My own experience tells me it’s the trainer and the training skills they bring to the table. Any dog that will keep working with you no matter what could be considered a “hard dog”. But if I take that to an extreme, I could also say that any dog that will work with you no matter what, is borderline obsessive compulsive about working! On the other end of the spectrum, any dog that does not display a certain amount of enthusiasm in working with their trainer is considered “soft.” Not all dogs are not highly motivated by food. Some dogs are highly motivated by the opportunity to play. Still other dogs are motivated by affection and social interaction. If a trainer encounters a dog that has a complex make up of what motivates that, the dog could be considered difficult to train; a “soft” dog.
Does this again shift responsibility from the human trainer onto the dog? When I hear someone say “Oh, I just couldn’t work with him. He was such a soft dog.”, all I can think is that this is a trainer who did not want to take the time to figure out what was needed to work with that particular dog. Many dogs share some general traits and will respond in a similar way in training situations. But a gifted trainer can spot the subtle differences in dogs and play to their strengths while minimizing their weaknesses. Thankfully, most dog owners will tend toward breeds they know and understand already. That makes training much easier and “hard” or “soft” doesn’t really come into it. To me, using “hard” and “soft” to describe a dog is more an indicator of the training skills of the trainer than the dog.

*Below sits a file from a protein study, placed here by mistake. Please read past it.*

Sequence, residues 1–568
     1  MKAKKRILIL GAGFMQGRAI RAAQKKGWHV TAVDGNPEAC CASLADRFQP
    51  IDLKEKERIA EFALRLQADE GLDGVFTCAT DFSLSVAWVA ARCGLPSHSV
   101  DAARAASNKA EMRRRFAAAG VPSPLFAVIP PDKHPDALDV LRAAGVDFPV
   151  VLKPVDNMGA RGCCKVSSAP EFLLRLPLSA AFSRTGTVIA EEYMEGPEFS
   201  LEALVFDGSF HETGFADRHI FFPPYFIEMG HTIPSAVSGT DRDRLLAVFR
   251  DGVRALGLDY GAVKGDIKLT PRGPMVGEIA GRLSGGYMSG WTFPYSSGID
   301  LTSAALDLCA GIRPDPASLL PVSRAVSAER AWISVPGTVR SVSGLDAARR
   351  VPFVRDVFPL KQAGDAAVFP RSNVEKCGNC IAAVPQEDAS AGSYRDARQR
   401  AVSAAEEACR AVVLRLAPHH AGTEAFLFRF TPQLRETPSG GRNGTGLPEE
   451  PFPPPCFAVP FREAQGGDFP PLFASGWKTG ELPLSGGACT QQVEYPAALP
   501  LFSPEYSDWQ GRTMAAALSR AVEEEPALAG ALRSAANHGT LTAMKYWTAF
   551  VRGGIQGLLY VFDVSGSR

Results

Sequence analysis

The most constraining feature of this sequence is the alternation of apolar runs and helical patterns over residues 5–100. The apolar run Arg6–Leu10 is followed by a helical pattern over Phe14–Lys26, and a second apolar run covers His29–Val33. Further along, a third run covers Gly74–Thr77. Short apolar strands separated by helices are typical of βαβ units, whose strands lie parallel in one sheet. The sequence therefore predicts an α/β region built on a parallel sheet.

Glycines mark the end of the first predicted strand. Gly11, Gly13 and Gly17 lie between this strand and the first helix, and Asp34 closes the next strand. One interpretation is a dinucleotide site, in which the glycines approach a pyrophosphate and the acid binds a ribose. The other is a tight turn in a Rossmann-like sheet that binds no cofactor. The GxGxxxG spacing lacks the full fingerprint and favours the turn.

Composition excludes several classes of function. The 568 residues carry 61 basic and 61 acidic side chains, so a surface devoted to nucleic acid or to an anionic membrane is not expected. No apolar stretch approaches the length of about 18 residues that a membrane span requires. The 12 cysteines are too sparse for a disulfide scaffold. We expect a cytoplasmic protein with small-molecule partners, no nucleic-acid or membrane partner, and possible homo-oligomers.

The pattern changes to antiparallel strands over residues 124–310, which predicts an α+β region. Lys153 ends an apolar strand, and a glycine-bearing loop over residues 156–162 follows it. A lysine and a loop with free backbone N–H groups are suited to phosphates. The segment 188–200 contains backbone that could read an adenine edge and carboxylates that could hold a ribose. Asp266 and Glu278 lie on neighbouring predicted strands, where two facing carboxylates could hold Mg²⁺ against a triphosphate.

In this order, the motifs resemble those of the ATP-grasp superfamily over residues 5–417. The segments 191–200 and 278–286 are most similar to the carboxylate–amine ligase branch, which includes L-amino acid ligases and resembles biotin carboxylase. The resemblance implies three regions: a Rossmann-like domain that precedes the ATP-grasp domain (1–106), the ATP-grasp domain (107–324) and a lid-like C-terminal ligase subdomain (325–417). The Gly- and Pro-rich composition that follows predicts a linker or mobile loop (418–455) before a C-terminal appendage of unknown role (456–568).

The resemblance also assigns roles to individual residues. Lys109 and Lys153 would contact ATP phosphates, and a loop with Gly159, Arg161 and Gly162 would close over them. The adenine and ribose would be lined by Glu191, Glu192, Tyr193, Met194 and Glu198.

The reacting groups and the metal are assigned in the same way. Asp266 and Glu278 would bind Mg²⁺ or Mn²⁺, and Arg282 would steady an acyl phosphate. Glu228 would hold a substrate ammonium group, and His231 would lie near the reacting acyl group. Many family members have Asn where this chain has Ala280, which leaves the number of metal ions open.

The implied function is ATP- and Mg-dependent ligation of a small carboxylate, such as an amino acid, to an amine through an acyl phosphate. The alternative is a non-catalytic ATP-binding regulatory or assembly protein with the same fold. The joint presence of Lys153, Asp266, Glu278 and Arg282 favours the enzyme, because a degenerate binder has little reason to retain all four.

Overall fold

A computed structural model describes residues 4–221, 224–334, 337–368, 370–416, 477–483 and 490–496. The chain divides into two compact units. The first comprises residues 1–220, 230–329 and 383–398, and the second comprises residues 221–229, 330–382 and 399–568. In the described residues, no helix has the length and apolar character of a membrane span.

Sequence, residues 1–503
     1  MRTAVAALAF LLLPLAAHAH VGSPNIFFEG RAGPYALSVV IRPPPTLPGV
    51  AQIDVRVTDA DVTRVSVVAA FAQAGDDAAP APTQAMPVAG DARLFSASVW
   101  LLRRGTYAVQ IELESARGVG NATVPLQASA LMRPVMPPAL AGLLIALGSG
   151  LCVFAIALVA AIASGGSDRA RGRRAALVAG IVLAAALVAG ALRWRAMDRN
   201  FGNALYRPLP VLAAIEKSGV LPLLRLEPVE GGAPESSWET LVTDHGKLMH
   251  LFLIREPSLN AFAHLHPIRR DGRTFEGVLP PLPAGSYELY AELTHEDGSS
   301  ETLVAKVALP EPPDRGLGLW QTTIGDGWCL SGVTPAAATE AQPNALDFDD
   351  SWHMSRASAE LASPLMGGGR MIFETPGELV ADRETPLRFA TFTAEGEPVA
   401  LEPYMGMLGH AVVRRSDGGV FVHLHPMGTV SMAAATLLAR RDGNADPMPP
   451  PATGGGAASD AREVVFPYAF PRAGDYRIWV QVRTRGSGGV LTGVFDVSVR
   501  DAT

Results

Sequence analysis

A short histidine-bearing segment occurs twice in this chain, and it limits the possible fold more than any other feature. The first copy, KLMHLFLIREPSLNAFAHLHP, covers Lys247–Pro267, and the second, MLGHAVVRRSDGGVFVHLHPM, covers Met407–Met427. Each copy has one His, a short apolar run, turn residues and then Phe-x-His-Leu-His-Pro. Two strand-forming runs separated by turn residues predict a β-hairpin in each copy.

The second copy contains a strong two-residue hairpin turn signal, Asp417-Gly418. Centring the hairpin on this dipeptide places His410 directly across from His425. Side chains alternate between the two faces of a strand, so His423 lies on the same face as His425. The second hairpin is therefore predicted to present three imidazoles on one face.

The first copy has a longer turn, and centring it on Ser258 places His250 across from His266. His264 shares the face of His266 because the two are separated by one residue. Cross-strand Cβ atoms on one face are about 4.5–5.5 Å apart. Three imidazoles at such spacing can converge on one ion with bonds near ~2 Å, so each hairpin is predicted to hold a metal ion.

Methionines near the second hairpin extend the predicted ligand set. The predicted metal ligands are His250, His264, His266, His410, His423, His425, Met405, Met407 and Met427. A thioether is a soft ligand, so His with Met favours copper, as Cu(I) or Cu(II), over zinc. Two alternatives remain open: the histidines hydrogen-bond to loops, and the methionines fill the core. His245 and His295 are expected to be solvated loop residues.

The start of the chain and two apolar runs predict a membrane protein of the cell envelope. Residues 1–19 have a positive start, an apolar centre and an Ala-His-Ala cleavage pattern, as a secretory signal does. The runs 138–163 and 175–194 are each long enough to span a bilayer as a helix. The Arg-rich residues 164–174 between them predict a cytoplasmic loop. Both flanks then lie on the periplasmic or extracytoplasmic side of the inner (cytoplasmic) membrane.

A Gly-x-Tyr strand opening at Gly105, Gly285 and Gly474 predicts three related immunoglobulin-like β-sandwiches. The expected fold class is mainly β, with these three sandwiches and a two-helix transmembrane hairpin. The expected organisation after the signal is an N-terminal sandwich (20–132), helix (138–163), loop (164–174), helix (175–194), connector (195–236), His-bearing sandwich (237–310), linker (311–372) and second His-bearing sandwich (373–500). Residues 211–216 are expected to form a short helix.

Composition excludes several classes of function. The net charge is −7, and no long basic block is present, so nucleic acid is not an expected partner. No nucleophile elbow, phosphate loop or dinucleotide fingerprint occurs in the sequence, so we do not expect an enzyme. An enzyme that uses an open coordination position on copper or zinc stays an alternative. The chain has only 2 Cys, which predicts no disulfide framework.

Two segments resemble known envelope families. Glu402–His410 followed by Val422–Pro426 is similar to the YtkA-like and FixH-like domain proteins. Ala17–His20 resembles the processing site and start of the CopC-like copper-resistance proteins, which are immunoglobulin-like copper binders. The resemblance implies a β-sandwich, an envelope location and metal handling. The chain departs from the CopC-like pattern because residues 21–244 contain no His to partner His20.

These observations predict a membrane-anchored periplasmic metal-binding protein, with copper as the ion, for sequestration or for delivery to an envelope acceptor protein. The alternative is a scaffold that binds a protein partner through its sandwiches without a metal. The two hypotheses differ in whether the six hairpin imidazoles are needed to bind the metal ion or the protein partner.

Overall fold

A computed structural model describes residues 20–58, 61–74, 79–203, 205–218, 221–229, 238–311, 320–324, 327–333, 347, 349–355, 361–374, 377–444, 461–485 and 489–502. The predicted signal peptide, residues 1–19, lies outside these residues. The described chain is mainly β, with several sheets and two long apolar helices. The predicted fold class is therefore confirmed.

Saying Too Much